Alberta Justice has launched an investigation after CBC News recorded video of a funeral home employee dragging a dead person in a body bag from a refrigerated trailer rented by the Office of the Chief Medical Examiner to address a shortage of body storage.
On Monday, a CBC reporter witnessed a man in dark clothing searching inside the darkened trailer for the body he had come to collect. A source told CBC News the man was a funeral home employee.
Seventeen bodies, sheathed in white bags, lined the floor of the refrigerated semi-trailer parked in a lot behind the Office of the Chief Medical Examiner (OCME) off Belgravia Road in south Edmonton.
Once the funeral home employee found the body bag he was looking for, he grabbed the foot end with both hands. Shuffling backward, he dragged the body on its back about half the trailer’s length.
After climbing down a ladder, he tugged on the body repeatedly to slide it onto an elevated gurney.
Warning: Some viewers may find this video disturbing
A waiting OCME attendant threw a white sheet over the body bag. It fell off but was replaced before the body was wheeled away on the gurney.
CBC News has learned the OCME took the unusual step on Friday of renting a refrigerated trailer to store bodies, in response to a sudden influx that overwhelmed the Edmonton facility’s storage capacity.
“Dignity is expected to be shown at all times to the deceased, and the OCME guidelines appear to not have been followed,” Dan Laville, a spokesperson for Alberta Justice, said in an emailed statement after being told CBC News had recorded the body-dragging scene, which was clearly visible from a public street.
“It is always a priority of the Office of the Chief Medical Examiner to ensure the deceased in their care are treated with the utmost dignity and respect. The claims of how one of the deceased in our care was handled are very concerning, and we are currently investigating.”
CBC News has obtained internal OCME emails that show a staff member raised concerns with chief medical examiner Dr. Elizabeth Brooks-Lim about the propriety of storing bodies in a trailer.
In a Sept. 5 email, a staff person tells Brooks-Lim that if bodies are to be stored on the semi-trailer floor, “I feel that this might not be something that families will find acceptable. How do I approach this when speaking to families?”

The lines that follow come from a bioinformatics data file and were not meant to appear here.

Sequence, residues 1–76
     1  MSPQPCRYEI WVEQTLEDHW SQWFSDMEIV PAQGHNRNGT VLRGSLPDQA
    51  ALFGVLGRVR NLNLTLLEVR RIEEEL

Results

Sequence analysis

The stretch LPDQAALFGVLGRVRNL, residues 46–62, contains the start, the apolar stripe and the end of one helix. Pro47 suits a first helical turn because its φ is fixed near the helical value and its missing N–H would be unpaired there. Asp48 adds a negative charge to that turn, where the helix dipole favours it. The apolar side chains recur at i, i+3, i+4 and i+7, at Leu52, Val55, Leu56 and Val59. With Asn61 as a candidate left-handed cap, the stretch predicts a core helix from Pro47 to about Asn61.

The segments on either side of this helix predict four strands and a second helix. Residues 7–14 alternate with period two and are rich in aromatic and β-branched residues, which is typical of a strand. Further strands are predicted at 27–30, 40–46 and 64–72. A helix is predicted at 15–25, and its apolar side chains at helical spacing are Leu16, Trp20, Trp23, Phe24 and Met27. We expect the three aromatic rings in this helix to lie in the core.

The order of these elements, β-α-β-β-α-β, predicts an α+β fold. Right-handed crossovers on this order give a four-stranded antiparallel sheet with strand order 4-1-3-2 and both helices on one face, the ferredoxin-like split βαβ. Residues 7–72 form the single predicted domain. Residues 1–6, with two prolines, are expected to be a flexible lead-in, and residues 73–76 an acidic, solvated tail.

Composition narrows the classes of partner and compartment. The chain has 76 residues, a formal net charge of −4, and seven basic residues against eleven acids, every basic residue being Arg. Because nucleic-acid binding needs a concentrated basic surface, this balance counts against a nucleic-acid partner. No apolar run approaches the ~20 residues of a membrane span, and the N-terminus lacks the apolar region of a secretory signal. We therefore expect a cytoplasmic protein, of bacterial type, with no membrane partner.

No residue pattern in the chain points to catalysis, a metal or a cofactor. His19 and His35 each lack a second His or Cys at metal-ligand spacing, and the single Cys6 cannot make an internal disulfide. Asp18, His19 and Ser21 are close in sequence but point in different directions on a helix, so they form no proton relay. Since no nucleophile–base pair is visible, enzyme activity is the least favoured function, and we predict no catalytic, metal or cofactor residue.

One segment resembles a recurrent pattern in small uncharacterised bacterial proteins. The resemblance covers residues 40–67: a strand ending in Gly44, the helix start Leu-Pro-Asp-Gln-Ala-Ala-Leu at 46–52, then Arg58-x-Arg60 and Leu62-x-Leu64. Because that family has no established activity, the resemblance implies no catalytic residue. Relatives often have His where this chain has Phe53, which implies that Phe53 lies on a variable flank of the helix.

In an email distributed to all OCME staff, Brooks-Lim responds: “The floor is clean, the bodies will be in body bags and the families do not need to be informed of the storage procedures.”
‘We cannot turn bodies away’
Brooks-Lim also dismissed the staff member’s query about whether it might be cost-effective to buy more morgue tables. She said that wouldn’t address the immediate overcrowding issue.
“We cannot turn bodies away,” Brooks-Lim wrote, adding she is discussing long-term solutions to the storage problem.
Alberta Justice, in its emailed statement, said there are policies for how OCME staff handle deceased people, and “the OCME also expects the removal of the deceased by funeral homes chosen by the next of kin to be conducted professionally and compassionately.”
The OCME is re-issuing its guidelines to funeral homes and has added a temporary screen “to preserve the dignity of [the] deceased.” The trailer is locked and monitored by cameras. A security guard is on watch 24 hours a day.
Laville, the Justice spokesperson, said the storage problem was created by an unusually high percentage of new death cases at the end of last week. He said the influx can require additional time for identification and for families to make arrangements with funeral homes.
But he said most bodies are collected within one to three days of the post-mortem examination, which occurs within 24 hours of a body’s arrival at the OCME.
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